As an alternative to WebDAV, EDRN has deployed iRODS, a data transfer and archive system that is efficient at moving massive amounts of data using parallel TCP and UDP blast technologies.

To use iRODS, you'll need to install the iRODS client software on your system:

  • Linux, Mac OS X, BSD, Solaris, and other Unix users have a simple installer that creates "i-commands", simple command-line tools to log in, put and get data, and so forth.
  • Windows users have iRODS Explorer, a drag-and-drop user interface.
  • NOTE: The following iRODS extensions and features are NOT required
    • iRODS server
    • GSI (Grid Security Infrastructure) extensions
    • NCCS Auditing extensions

Configuring iRODS

To configure iRODS on your computer, you'll need to set up your iRODS account, and create an iRODS configuration file (if you're on Unix and similar) or set up your iRODS properties (if you're on Windows).

Getting Your iRODS Account

iRODS is not compatible with the standard EDRN authentication system (LDAP). Therefore, you'll need to request a separate iRODS account. (Your iRODS account's username can match your current EDRN username.)

To request an iRODS account, contact the EDRN Informatics Center.

The EDRN iRODS Configuration

To set up your iRODS Configuration, you'll need to create an iRODS configuration file. This file is located in $HOME/.irods/.irodsEnv, and is a plain text file with the following contents:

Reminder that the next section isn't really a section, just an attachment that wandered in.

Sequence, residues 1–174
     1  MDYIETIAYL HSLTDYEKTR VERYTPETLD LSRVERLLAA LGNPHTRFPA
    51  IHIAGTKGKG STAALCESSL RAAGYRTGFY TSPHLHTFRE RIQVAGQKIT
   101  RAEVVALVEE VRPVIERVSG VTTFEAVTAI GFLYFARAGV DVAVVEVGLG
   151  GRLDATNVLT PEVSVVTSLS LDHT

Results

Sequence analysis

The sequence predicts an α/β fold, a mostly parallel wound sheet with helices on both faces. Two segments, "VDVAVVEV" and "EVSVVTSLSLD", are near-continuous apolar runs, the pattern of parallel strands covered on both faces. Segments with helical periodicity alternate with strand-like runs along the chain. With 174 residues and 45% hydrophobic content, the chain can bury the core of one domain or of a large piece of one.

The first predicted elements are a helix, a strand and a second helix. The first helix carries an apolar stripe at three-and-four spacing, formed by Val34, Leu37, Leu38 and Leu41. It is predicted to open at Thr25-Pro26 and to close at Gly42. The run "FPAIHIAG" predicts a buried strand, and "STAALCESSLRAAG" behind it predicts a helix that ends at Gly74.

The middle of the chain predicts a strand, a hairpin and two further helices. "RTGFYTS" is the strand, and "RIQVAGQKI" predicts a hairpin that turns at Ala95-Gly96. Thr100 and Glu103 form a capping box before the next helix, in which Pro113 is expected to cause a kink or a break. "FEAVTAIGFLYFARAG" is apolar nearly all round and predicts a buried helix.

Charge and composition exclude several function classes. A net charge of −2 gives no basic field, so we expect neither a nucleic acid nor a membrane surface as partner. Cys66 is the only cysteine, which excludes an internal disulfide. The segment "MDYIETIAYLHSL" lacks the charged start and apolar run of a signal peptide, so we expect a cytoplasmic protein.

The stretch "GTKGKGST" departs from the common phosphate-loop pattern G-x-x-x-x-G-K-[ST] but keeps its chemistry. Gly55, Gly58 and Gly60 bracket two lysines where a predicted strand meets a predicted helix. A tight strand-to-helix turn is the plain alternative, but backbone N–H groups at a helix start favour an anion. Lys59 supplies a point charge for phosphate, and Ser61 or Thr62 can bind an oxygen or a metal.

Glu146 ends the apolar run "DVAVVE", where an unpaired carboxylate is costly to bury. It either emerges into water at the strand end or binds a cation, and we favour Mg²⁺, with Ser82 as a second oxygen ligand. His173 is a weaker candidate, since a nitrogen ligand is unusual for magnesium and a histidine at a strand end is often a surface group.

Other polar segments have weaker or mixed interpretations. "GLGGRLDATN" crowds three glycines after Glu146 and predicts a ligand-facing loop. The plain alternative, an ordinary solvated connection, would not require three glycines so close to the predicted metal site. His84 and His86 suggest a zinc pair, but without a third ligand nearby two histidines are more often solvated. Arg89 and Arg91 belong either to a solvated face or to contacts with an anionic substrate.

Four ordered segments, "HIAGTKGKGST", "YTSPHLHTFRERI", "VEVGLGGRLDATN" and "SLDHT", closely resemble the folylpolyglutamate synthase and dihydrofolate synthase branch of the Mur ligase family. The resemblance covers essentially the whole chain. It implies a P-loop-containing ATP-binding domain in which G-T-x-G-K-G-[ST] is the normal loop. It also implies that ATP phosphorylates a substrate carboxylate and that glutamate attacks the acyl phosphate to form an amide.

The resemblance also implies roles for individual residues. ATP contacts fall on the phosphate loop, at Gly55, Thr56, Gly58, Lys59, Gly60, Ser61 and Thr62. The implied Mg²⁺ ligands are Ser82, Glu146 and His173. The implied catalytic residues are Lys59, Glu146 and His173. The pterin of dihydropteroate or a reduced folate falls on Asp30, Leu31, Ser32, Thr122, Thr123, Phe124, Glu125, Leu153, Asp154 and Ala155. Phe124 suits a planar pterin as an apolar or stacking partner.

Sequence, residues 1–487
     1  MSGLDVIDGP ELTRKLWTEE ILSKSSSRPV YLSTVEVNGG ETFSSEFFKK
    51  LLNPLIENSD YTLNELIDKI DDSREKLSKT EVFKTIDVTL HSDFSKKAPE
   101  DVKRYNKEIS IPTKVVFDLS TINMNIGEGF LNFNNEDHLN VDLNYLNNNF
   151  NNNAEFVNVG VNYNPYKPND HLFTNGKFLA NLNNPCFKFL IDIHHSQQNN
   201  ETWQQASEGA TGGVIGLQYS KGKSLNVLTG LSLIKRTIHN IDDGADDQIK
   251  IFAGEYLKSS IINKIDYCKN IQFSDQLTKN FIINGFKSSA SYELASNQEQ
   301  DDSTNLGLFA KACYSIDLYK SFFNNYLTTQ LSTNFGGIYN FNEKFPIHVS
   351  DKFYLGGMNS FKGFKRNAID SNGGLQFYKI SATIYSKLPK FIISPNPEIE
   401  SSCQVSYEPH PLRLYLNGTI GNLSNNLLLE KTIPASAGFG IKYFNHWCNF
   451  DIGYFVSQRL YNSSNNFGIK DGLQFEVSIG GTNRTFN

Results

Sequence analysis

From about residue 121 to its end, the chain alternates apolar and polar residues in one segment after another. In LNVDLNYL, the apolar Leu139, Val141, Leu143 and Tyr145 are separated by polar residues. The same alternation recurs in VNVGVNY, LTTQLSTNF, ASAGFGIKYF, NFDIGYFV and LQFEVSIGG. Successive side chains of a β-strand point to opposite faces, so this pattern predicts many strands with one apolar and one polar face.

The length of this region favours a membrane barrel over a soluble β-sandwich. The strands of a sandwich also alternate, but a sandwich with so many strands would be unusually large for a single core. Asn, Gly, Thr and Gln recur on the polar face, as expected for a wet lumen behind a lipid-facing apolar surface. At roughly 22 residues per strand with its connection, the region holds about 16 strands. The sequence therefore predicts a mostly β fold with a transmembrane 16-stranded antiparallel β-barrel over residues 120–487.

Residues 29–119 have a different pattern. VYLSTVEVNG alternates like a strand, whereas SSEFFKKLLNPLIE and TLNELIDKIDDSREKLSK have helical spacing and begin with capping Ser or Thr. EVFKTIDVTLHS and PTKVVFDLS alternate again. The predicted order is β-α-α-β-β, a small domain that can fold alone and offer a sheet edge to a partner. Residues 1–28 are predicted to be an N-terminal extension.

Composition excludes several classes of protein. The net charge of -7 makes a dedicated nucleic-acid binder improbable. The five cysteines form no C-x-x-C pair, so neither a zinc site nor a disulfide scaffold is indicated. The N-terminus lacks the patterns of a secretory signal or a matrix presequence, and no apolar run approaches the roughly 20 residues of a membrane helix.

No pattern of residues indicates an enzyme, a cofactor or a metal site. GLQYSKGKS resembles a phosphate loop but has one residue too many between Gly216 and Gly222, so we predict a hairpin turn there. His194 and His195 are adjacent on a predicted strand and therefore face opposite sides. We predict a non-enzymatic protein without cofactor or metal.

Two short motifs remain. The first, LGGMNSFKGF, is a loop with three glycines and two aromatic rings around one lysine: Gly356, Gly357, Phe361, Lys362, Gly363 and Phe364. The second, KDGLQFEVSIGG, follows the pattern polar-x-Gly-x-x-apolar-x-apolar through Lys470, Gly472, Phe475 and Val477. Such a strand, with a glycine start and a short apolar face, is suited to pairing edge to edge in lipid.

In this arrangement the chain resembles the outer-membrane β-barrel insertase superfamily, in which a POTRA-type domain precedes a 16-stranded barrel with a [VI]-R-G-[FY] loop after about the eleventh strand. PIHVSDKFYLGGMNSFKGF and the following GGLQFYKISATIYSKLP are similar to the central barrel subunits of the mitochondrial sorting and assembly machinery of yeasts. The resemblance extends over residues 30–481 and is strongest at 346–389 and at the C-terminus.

irodsUserName 'USERNAME'
irodsHost ''
irodsPort 1247
irodsDefResource 'cancerResc'
irodsHome '/cancer/home/USERNAME'
irodsCwd '/cancer/home/USERNAME'
irodsZone 'cancer'

Replace USERNAME with your iRODS username.

For Windows users, substitute the values shown above into the iRODS Explorer properties.

Using iRODS

Using the i-commands is simple. After making them available on your data path, you first log in by running:


You'll be prompted for your iRODS password.

Once logged in, you can type:


to see the files available in the EDRN iRODS server.

To send a new file into the EDRN iRODS server, type:


where FILENAME is the file you wish to send. iRODS will automatically adjust the number of parallel TCP streams to optimize the transfer, but you can control that manually as well. Type iput -h for help.

To view the progress of an upload, use the -P flag:


To send an entire directory recursively, type:


where DIRECTORY is the directory you wish to send.

If the file or directory you're sending is quite large and you're afraid the transfer might get interrupted, you can use a "restart file" which keeps track of the transfer and allows you to resume it later. Type:


where RESTARTFILE is the name of the restart status data file to create, and FILENAME is the file to send. You can then repeat the command with the same RESTARTFILE to resume the transfer later.

To retrieve a file, use iget. Type iget -h for more help.

Other i-commands include:

  • icd, to change the current working iRODS directory on the server
  • ichksum, to verify file checksums
  • iexit, to log out of iRODS
  • ihelp, for help with the i-commands
  • imkdir, to create a directory in the iRODS server
  • ipwd, to print the current working directory on the server
  • irm, to remove files or directories on the server
  • irmtrash, to empty the trash on the server

See the i-commands list for more information.

Windows users: use drag-and-drop.